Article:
I've been out of commission since last Wednesday when I lost my balance playing hopscotch with my granddaughter and ended up sprawled on the street. I had a knot in my forehead (on the way to a nice black eye), and skinned knees, hands, and shoulder. I was bleeding from so may places my wounds resembled an overachieving stigmata. It was actually quite funny; my biggest disappointment was having to give up on the game.
The fall did make me a little stiff and sore though, and as a result I've been enjoying a lot of couch time reading. Having nothing new available I picked up Patrick O'Brian's Master and Commander. I knew this was a dangerous thing to do and I am already on volume two, Post Captain. These books are wickedly addicting and if I complete all 20 volumes it will be for the sixth time.
If you haven't read them, you should. The New York Times Book Review described them as "the best historical novels ever written." William Boyd, a novelist and winner of a number of literary prizes, said, "this novel sequence is not only a miraculously sustained effort but it is also evidence of a refined literary sensibility and one of the best and most authentic historical time machines I have ever encountered." I can only concur.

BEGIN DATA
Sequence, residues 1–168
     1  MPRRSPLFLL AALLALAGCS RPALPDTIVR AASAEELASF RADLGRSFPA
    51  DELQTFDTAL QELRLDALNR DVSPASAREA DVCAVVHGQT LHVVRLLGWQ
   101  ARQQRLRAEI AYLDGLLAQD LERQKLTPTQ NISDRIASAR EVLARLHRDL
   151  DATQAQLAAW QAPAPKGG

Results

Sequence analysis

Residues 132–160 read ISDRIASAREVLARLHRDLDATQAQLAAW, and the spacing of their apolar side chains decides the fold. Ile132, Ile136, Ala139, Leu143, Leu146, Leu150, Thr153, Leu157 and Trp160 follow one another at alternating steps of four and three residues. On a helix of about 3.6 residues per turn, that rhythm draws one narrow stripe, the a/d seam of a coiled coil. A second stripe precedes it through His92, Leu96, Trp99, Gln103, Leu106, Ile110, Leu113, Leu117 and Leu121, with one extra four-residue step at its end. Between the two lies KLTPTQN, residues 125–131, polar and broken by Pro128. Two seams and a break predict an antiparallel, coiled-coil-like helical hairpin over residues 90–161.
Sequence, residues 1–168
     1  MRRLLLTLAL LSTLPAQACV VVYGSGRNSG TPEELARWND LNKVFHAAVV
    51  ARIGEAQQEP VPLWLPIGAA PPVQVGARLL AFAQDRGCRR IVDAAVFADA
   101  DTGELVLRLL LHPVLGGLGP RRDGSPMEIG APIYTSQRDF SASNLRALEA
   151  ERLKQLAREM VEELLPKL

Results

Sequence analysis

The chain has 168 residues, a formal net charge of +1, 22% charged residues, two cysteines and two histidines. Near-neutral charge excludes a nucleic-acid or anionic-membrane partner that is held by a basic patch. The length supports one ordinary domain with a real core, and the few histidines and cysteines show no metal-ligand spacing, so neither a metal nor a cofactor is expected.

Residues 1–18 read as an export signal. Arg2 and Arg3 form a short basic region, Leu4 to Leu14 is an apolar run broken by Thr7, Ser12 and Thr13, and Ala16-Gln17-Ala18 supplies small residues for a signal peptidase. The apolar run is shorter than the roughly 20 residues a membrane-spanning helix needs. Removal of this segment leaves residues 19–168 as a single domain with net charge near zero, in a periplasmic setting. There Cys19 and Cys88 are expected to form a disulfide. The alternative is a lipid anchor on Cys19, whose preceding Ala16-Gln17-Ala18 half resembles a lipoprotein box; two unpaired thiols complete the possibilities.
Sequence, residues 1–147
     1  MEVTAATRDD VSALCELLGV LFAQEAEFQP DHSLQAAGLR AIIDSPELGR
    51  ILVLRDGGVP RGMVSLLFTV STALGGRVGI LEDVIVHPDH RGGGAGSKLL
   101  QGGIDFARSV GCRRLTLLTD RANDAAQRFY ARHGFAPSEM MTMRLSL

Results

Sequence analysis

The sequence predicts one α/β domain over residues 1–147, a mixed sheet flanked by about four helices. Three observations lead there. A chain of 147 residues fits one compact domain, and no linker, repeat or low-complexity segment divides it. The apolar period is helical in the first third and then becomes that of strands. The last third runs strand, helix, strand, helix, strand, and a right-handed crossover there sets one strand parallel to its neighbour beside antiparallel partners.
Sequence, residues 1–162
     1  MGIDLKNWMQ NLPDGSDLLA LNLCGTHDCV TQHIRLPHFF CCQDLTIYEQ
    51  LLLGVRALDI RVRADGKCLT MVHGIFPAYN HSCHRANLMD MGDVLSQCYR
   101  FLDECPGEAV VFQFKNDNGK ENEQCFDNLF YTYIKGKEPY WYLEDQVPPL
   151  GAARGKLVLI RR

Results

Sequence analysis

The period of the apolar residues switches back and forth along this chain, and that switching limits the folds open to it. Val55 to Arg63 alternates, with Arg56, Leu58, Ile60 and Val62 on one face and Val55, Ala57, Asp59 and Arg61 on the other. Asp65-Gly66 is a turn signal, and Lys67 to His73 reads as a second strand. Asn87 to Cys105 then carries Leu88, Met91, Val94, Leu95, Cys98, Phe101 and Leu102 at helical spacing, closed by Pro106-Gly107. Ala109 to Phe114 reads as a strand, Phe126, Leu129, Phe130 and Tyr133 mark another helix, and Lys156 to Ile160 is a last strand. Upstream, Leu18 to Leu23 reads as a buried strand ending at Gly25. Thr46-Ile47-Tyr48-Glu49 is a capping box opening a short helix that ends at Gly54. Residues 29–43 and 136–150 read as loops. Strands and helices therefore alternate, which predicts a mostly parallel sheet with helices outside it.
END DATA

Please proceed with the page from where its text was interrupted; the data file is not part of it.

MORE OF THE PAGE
The novels are based on the adventures of Captain Jack Aubrey and his physician-friend-spy Stephen Maturin. They are compelling characters, multifaceted and deeply realized. But what I love about these books is their humanity, their honesty, and their portrayal of the human condition in all its forms, from deep degradation to heroic heights. And then of course, there's the language: rich, intelligent, historically accurate, and absolutely beautiful. If I sound smitten, it's because I am.
Ray and I had the opportunity to attend a lecture by Patrick O'Brian in Portland in the mid-90s. He was erudite, kindly, and full of the subtle humor that his books abound in. As a writer I am in awe of his talent. As a reader I am thankful.
With my body sore and the world tearing itself apart this week, from Gaza to the downing of MH 17, it was healing to open a book and fall headlong into a world not my own. We can't escape our reality forever; we have a duty to it. But when "the world is too much with us," a good book is a great place to go.